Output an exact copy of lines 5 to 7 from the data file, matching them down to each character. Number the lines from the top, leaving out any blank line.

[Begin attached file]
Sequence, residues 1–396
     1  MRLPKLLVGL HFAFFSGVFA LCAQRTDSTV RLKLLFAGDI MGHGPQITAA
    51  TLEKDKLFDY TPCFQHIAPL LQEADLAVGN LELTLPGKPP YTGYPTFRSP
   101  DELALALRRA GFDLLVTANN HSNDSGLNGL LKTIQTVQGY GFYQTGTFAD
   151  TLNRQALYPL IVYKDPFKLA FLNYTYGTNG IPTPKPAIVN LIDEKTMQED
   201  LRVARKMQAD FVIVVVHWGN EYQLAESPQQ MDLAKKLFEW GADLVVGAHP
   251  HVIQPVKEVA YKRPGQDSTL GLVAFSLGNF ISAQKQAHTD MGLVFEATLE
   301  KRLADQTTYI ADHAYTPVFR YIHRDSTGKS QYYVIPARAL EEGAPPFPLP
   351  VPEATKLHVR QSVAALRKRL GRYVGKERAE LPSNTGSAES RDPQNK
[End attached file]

   151  TLNRQALYPL IVYKDPFKLA FLNYTYGTNG IPTPKPAIVN LIDEKTMQED
   201  LRVARKMQAD FVIVVVHWGN EYQLAESPQQ MDLAKKLFEW GADLVVGAHP
   251  HVIQPVKEVA YKRPGQDSTL GLVAFSLGNF ISAQKQAHTD MGLVFEATLE